It’s Business, And It’s Personal

Federal data shows alarming increase in fatal truck accidents

On Behalf of | Apr 11, 2017 | Commercial Truck Accidents |

North Carolina truck drivers may be alarmed to learn that the year-over-year number of large trucks in fatal crashes around the country increased by 8 percent in 2015 according to figures released by the Federal Motor Carrier Safety Administration. The data reveals that 4,050 trucks weighing more than 10,000 pounds were involved in 3,598 fatal accidents in 2015. Increases were observed in both the total number of fatal crashes and the number of deadly accidents per 100 million miles traveled by large trucks and buses.

While only 1 percent of the 415,000 crashes involving large trucks that were reported to law enforcement in 2015 resulted in lives being lost, 20 percent of them left road users injured. More than half of the commercial truck accidents studied by the FMCSA involved two vehicles, but single-vehicle crashes involving pedestrians or cyclists were the most deadly according to the agency.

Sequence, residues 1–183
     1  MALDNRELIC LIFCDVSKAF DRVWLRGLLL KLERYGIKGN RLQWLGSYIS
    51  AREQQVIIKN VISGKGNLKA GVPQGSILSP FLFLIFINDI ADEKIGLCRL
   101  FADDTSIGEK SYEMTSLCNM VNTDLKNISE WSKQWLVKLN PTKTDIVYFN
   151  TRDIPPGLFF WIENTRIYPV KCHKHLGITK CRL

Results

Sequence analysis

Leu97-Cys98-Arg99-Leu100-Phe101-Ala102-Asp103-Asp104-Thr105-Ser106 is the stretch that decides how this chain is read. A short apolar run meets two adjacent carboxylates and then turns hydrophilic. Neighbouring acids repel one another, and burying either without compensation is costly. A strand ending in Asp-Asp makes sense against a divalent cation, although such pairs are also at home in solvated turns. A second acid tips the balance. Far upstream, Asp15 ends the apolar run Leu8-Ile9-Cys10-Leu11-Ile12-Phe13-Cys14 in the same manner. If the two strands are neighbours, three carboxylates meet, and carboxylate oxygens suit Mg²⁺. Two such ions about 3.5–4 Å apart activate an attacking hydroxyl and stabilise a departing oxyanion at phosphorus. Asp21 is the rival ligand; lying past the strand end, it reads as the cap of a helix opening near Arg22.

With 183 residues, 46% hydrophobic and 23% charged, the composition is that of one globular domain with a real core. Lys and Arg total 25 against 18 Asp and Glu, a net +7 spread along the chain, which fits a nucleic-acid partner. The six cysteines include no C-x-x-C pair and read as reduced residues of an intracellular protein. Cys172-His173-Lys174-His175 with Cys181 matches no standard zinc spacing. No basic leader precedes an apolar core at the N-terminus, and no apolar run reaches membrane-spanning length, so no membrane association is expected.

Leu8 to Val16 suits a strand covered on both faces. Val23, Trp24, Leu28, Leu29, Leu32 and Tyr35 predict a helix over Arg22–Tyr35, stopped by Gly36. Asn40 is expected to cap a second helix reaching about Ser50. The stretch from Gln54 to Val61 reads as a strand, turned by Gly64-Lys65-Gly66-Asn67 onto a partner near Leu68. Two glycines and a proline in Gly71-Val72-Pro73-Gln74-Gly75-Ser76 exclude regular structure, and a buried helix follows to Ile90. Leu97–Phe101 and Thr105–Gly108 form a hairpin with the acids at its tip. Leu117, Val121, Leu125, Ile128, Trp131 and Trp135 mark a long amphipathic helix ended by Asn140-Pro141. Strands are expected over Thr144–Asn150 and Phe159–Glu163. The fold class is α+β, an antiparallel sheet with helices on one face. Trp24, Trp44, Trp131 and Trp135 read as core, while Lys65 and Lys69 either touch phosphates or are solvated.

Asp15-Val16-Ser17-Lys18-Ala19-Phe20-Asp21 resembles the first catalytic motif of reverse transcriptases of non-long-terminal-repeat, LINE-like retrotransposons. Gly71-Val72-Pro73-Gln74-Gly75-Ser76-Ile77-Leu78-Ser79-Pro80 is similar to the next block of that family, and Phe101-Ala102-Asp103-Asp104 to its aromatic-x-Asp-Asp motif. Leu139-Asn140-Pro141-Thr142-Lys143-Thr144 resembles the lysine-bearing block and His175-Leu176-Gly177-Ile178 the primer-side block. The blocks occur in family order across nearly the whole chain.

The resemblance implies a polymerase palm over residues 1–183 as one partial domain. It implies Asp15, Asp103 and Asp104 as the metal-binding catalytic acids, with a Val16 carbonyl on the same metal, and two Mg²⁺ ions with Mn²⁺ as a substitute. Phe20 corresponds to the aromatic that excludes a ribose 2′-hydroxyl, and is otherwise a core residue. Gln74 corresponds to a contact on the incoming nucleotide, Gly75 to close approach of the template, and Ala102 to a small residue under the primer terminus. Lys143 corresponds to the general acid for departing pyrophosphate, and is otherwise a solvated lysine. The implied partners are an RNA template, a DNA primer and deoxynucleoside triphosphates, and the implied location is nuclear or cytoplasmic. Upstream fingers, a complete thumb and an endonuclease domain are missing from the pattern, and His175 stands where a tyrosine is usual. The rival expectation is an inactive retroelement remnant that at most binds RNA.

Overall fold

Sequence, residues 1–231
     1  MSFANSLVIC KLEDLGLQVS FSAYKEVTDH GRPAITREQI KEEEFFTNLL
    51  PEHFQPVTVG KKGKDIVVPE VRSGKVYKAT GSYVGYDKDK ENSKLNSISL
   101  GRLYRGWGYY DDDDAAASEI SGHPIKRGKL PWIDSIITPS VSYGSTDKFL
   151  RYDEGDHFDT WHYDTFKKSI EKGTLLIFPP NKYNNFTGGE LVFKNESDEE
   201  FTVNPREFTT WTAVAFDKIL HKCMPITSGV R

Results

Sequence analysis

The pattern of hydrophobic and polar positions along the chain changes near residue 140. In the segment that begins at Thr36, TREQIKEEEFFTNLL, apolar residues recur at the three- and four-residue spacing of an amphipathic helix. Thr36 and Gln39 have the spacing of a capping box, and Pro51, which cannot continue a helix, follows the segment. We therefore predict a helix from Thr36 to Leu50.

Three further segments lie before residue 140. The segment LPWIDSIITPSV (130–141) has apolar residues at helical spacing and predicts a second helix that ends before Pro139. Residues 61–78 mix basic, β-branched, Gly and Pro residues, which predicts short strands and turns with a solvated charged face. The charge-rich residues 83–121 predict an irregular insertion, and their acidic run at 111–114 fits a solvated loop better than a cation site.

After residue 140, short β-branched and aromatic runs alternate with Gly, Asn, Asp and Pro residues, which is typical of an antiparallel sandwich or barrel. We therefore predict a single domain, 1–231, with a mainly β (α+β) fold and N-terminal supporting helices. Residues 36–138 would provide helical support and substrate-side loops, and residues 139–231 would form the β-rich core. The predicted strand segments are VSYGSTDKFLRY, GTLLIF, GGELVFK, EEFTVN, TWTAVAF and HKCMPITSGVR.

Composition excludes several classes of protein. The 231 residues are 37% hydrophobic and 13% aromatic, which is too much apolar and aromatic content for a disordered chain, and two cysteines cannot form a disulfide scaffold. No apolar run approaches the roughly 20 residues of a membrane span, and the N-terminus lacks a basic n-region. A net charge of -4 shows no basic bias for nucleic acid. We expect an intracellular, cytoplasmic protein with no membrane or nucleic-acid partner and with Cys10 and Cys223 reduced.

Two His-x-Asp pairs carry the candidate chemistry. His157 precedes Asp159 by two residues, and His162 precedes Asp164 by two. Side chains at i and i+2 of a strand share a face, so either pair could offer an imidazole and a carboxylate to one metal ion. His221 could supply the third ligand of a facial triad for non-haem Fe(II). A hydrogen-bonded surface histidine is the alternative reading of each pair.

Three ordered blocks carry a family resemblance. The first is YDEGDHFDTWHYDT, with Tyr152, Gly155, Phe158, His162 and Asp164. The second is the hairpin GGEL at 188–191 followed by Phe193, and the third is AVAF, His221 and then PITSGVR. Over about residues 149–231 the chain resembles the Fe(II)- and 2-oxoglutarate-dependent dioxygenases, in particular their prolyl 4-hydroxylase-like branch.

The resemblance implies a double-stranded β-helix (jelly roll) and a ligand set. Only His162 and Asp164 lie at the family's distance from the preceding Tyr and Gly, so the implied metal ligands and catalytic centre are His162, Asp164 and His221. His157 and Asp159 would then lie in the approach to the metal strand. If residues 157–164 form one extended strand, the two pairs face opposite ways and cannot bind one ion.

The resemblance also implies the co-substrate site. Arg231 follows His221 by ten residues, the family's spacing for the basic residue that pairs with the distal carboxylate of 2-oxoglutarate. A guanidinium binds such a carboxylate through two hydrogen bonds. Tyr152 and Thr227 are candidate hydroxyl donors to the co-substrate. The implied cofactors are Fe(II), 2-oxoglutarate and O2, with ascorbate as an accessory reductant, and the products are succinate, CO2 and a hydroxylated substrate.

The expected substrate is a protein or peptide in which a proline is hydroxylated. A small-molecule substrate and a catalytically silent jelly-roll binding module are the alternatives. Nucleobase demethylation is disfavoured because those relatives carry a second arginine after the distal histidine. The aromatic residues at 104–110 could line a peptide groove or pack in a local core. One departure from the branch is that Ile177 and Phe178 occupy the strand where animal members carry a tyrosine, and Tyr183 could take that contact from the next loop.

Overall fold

The 667 truck occupants killed in traffic accidents in 2015 represents a 2 percent increase over 2014 figures. Truck drivers accounted for the overwhelming majority of these fatalities. Excessive speed is often a factor in deadly truck accidents, but the FMCSA report reveals that only one in four of the deadly truck accidents that occurred in 2015 took place on interstate highways.

When road users are injured in truck accidents caused by negligence, experienced personal injury attorneys may pursue civil remedies on their behalf against either the drivers or the owners of the commercial vehicles involved. Truck drivers may face litigation when accidents are caused by distraction, fatigue, impairment or reckless driving, and trucking companies could be sued when poor maintenance, defective parts or inadequate oversight played a role. When preparing this type of lawsuit, attorneys may study accident reports, driving records and violations histories to establish a pattern of negligent behavior.